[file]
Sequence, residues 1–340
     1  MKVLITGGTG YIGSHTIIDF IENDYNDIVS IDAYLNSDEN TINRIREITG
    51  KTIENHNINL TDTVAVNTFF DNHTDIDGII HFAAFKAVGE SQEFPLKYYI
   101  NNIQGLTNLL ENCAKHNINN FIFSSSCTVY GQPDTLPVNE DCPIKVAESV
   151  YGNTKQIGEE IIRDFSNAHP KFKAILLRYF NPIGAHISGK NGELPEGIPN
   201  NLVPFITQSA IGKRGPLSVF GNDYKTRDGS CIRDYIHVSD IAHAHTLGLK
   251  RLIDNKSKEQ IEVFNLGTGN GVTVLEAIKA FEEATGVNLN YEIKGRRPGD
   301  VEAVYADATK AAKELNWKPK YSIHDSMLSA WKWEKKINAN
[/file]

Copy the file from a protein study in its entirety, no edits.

Sequence, residues 1–340
     1  MKVLITGGTG YIGSHTIIDF IENDYNDIVS IDAYLNSDEN TINRIREITG
    51  KTIENHNINL TDTVAVNTFF DNHTDIDGII HFAAFKAVGE SQEFPLKYYI
   101  NNIQGLTNLL ENCAKHNINN FIFSSSCTVY GQPDTLPVNE DCPIKVAESV
   151  YGNTKQIGEE IIRDFSNAHP KFKAILLRYF NPIGAHISGK NGELPEGIPN
   201  NLVPFITQSA IGKRGPLSVF GNDYKTRDGS CIRDYIHVSD IAHAHTLGLK
   251  RLIDNKSKEQ IEVFNLGTGN GVTVLEAIKA FEEATGVNLN YEIKGRRPGD
   301  VEAVYADATK AAKELNWKPK YSIHDSMLSA WKWEKKINAN